Ernest Holmes said,   “Never limit your view of life by any past experiences.” 

What a great thought to begin the New Year as well as the start of each and every day.  How many times have you heard the words. “I sure hope this year is better than last year!”   I tend to say, “I know the New Year will be even greater than the year ending, and it was awesome!”

The New Year’s holiday has always fascinated me. It always looked like everyone but me was feeling something special. The excitement and the special plans and the chatter around a new year coming. I am beginning to get over it, but I have never felt anything and was pretty sure I was very different. Anyone else every feel like that?

I enjoy starting a New Year with a clean slate by doing a written inventory on what has worked, what didn’t work, and what I really like about me today.  Sounds just like how I end all my days, doing a 10th step before I retire for the night.  
Yes, living one day at a time and ending another year exactly as I end every day. 

I start the New Year like I start each day, sober.  A new year is also time to do an extended version of what I do each morning of each day which is to think about the twenty-four hours ahead (p. 86. Alcoholics Anonymous).  I think about the year ahead and ask my Higher Power for direction in setting  intentions and goals for the year ahead.  Setting goals and intentions for the year makes it easier to live one day at a time.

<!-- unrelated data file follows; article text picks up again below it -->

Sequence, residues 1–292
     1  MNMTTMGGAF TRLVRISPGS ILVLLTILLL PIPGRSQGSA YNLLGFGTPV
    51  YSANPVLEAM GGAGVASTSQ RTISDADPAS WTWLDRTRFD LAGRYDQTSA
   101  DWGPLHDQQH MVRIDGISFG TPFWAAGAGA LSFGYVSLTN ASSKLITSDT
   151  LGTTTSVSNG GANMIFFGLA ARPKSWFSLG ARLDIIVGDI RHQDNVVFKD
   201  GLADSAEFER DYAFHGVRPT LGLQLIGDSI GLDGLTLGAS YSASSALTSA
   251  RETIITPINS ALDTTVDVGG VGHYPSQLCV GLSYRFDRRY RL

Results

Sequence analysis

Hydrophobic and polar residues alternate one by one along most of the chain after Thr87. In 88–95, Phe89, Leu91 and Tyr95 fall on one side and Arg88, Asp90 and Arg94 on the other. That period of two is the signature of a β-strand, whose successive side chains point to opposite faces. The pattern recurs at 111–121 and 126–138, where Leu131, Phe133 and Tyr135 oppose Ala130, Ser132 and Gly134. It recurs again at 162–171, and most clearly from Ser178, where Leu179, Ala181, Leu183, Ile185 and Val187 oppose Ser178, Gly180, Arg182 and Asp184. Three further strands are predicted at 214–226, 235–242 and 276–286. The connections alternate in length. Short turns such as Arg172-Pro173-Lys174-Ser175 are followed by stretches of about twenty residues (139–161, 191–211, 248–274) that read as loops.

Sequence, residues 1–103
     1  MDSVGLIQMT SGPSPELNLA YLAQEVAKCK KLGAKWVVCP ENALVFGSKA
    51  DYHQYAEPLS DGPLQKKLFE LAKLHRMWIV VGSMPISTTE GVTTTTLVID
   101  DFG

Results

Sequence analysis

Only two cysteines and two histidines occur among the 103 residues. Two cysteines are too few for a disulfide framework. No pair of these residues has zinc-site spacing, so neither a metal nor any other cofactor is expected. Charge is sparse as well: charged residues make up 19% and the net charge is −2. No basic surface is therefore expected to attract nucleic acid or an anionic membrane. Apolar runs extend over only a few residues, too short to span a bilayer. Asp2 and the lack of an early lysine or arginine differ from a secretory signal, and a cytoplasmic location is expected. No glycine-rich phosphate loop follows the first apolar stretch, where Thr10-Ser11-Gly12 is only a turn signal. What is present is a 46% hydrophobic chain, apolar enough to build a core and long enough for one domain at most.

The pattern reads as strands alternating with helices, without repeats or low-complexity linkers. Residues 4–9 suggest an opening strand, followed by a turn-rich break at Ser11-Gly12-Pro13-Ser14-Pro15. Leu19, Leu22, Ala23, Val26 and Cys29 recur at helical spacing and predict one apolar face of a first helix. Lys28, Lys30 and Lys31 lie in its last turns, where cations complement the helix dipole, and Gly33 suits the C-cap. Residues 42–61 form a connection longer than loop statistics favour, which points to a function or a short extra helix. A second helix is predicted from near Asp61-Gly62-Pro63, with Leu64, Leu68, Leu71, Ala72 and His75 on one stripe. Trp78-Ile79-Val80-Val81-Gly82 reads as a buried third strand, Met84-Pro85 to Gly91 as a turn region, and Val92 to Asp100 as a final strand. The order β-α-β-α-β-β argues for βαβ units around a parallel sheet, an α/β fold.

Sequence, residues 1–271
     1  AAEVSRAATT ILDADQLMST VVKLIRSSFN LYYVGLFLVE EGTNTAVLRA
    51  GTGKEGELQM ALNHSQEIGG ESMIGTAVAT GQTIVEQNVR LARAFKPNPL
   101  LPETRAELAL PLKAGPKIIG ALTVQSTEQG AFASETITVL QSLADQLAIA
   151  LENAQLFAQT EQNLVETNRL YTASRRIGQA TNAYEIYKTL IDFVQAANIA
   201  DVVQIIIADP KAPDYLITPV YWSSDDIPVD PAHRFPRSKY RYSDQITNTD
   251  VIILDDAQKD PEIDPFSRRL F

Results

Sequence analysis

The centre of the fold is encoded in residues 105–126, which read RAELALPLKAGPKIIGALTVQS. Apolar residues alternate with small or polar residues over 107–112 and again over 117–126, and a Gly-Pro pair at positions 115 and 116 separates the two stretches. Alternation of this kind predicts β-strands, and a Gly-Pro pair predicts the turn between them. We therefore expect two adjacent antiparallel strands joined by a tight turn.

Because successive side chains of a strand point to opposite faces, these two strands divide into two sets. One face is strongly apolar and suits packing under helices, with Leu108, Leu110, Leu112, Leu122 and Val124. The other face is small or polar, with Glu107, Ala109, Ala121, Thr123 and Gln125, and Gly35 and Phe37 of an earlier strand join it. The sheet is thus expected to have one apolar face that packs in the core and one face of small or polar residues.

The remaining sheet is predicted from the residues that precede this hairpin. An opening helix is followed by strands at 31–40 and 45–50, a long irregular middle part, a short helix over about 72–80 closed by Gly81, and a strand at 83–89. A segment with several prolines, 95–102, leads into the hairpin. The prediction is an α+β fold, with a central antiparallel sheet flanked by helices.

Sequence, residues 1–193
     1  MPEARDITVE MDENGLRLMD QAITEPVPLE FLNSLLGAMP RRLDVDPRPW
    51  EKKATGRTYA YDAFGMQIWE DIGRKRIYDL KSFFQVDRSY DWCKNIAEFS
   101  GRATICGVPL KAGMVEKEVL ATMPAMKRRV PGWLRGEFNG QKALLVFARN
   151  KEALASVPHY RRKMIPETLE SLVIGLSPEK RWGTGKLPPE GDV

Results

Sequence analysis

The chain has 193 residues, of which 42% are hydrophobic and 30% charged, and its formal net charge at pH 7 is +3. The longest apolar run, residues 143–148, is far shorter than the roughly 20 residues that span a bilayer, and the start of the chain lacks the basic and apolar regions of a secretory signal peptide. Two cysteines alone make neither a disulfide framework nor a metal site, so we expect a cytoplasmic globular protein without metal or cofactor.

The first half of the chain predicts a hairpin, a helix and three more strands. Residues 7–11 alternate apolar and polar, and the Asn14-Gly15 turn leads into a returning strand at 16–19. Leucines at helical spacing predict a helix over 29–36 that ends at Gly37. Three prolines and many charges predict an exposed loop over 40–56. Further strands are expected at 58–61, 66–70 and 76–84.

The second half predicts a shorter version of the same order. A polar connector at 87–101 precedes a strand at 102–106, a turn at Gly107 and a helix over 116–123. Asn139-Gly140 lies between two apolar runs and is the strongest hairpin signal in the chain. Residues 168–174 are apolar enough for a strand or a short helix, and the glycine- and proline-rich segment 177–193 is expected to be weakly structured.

When my goals for the new year are down in writing, it is so much easier to live the day I am doing.  I am all about doing whatever it takes to making the “one day at a time” idea easier.  When I have set my intentions for the year in writing, then all I have to think about is what I need to do today toward toward my goals. Setting my intentions for the year automatically directs my intention for each day which makes living one day at a time much easier.

Of course it goes without saying that nothing is greater than ushering in a new year sober.  There may be some newcomers to recovery who are concerned about how to celebrate without drinking alcohol. But actually it is a greater high, for me, then any chemical I ever put into my body. For me, personally,  it has always been the easiest night to stay sober because when I was actively consuming alcohol, New Year’s Eve was the one night of the year I stayed home.  I called it “amateur day,” and a perfect night for me to rest.

As the current year ends, my focus is on what I learned about myself that will add to the gift of what I bring to the world.  In the book, Alcoholics Anonymous, it tells us “Our real purpose is to fit ourselves to be of maximum service to God and the people about us.” (p. 77)

As a traveler on the road of recovery and a New Thought thinker,  I am learning how to be the change I want to see in the world and the change in me is the gift I bring into each new day, and each new year.  I set my intention to be of maximum service. 

For more about the stuff that can block us from our peace of mind, and what to do about it,  check out my book, “Changeless Change,”  on Amazon. 

HAPPY NEW YEAR!  Carol Davis

In gratitude, harmony and support,





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